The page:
The Standard Library will parse HTTP for you if you use its BaseHTTPRequestHandler. Though its documentation is a bit obscure — a problem with the whole suite of HTTP and URL tools in the Standard Library — all you have to do to make it parse a string is (a) wrap your string in a BytesIO(), (b) read the raw_requestline so that it stands ready to be parsed, and (c) capture any error codes that occur during parsing instead of letting it try to write them back to the client (since we do not have one!).

So here is our specialization of the Standard Library class:

from http.server import BaseHTTPRequestHandler
from io import BytesIO

class HTTPRequest(BaseHTTPRequestHandler):
    def __init__(self, request_text):
        self.rfile = BytesIO(request_text)
        self.raw_requestline = self.rfile.readline()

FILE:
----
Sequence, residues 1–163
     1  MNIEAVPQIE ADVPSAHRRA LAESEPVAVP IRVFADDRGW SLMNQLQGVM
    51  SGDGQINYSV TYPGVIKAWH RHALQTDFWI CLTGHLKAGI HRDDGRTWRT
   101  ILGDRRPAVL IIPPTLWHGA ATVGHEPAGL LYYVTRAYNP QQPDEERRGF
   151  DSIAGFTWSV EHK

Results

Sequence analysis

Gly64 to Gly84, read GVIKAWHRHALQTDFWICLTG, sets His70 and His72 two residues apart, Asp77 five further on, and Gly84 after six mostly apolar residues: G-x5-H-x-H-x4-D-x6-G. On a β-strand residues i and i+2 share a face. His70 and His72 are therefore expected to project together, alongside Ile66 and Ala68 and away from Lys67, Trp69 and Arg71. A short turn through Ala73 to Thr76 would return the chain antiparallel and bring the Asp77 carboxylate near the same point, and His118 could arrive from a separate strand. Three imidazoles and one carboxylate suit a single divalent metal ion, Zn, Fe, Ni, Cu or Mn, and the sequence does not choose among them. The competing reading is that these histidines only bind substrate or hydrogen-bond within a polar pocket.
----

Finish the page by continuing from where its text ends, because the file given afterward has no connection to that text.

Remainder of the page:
self.error_code = self.error_message = None
        self.parse_request()

    def send_error(self, code, message):
        self.error_code = code
        self.error_message = message

Again, I wish the Standard Library folks had realized that HTTP parsing should be broken out in a way that did not require us to write nine lines of code to properly call it, but what can you do? Here is how you would use this simple class:

# Using this new class is really easy!

request = HTTPRequest(request_text)

print(request.error_code)       # None  (check this first)
print(request.command)          # "GET"
print(request.path)             # "/who/ken/trust.html"
print(request.request_version)  # "HTTP/1.1"
print(len(request.headers))     # 3
print(request.headers.keys())   # ['Host', 'Accept-Charset', 'Accept']
print(request.headers['host'])  # "cm.bell-labs.com"

If there is an error during parsing, the error_code will not be None:

# Parsing can result in an error code and message

request = HTTPRequest(b'GET\r\nHeader: Value\r\n\r\n')

print(request.error_code)     # 400
print(request.error_message)  # "Bad request syntax ('GET')"